Sunday, 6 September 1998

Widening the NEt - Bringing a Corrupt Elite to Book

(Originally appeared in the 1990s in the Times of India, as published in M. D. Nalapat's book "Indutva", Har-Anand Publications, 1999)

India’s miserable performance in athletics reflects the national
tendency to lose steam after a good start. After the initial burst
of enthusiasm and energy, we tend to peter out and the final
result is usually dismal. This situation obtains in corruption
investigations as well. As numerous infructuous enquiry
commissions have shown, an unwillingness to concentrate on
crucial issues and delays in investigation often lead to the
punishment for graft being merely some bad publicity.

Lok Pal Bill
That the political class in India is unwilling to stem the flow of
cash in its own direction has once again become clear from the
draft Lok Pal Bill. Instead of protecting the citizen from venal
politicians, the present draft Bill will serve to gag the media and
enable wrongdoers in government to avoid accountability by
directing enquiries into other more convenient channels. As the
hawula and other scams have shown, unless there is constant
media and judicial scrutiny of cases, these will become
progressively more diffused and finally die out. Public opinion
needs to be mobilised to ensure the framing of laws—and the
creation of institutions—that can lessen, if not destroy, official

In this campaign, winning a few battles—such as sending a
Sukh Ram into custody for a few weeks—is not enough to win
the war. Only a system of checks on the political and bureaucratic
elite can do this. The main thrust should be targeting the top
echelon because corruption flows from that level to others. If the
highest level of the administration is seen to be honest, the rest
will follow suit contributing to a better regime. This was evident
in Kerala during the time (1969-77), for example, when C.
Achutha Menon was chief minister. Or, look at a wider all-India
example. Government functioning was far more honest and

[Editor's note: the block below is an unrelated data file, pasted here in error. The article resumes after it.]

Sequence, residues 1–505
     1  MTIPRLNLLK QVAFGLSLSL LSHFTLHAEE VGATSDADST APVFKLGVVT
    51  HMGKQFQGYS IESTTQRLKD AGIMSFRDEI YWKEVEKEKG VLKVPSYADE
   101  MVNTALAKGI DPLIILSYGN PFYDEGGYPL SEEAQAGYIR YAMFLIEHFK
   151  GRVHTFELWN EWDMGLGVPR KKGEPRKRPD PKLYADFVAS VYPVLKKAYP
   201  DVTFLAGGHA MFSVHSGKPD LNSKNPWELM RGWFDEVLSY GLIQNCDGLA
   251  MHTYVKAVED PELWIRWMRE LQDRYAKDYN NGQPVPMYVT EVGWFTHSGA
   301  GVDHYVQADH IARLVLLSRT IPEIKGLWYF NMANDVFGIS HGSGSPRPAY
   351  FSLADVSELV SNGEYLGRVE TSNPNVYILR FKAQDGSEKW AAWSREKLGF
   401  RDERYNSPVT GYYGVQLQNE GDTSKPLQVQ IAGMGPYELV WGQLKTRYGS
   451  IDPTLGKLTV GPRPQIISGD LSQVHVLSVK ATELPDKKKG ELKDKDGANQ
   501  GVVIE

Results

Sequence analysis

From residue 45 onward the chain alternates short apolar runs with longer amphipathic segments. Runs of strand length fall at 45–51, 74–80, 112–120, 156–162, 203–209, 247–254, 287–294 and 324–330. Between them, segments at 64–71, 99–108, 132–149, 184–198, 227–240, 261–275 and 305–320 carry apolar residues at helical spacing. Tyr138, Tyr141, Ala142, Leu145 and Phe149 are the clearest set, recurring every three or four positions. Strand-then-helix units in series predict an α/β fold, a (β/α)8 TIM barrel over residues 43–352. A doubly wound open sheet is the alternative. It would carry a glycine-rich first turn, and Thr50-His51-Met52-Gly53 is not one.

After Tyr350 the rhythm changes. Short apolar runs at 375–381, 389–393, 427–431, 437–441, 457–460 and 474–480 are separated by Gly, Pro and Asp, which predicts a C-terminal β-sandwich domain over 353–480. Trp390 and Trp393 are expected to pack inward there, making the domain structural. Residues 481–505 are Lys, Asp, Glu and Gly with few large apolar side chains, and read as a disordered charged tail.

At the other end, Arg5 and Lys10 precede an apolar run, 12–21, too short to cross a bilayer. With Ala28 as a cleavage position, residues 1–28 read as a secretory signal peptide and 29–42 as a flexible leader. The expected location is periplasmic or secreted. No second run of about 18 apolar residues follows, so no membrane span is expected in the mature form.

transparent during the short period (1964-65) of Lal Bahadu
Shastri than it was subsequently. However, a Menon or a Shastri
are rare. And, after full-fledged "family rule" began in the 1970s,
such people foimd it almost impossible to get anywhere in durbar
politics, where what matters is to catch the eye of the ruler
through sycophancy. Small wonder then that politicians are
resisting the efforts of the Election Commission to democratise
their party structures.

Defining the political and the bureaucratic elite for purposes
of legislation is easy. The "political elite" comprises the presidents
and legislature party leaders of all recognised political formations,
both at the central as well as state level. It also includes all past
and present cabinet ministers, again at both the Centre and the
states as well as all current MPs, and MLA/MLCs. The
"bureaucratic elite" comprises all those whose salaries come
from the state exchequer and which exceeds a total of Rs. 10,000
per month, (all inclusive). This includes public sector officers as
well as those from the administration and the police. Needless
to say, this definition also includes the spouses and the children
of those listed. The judiciary and the armed forces will also need
to develop systems to identify and punish the black sheep within
them. The new legislation would cover all their actions from the
period they enter into its scope.

Apart from a Lok Pal rid of the opacity and toothlessness
patent in the current draft legislation, the CBI needs to be vested
with the same level of autonomy which the Comptroller and
Auditor-General and the Election Commission enjoy at present.
This new CBI should have as its mandate investigations into
charges involving the political and bureaucratic elite. Cases
involving smaller fry should be devolved to other organisations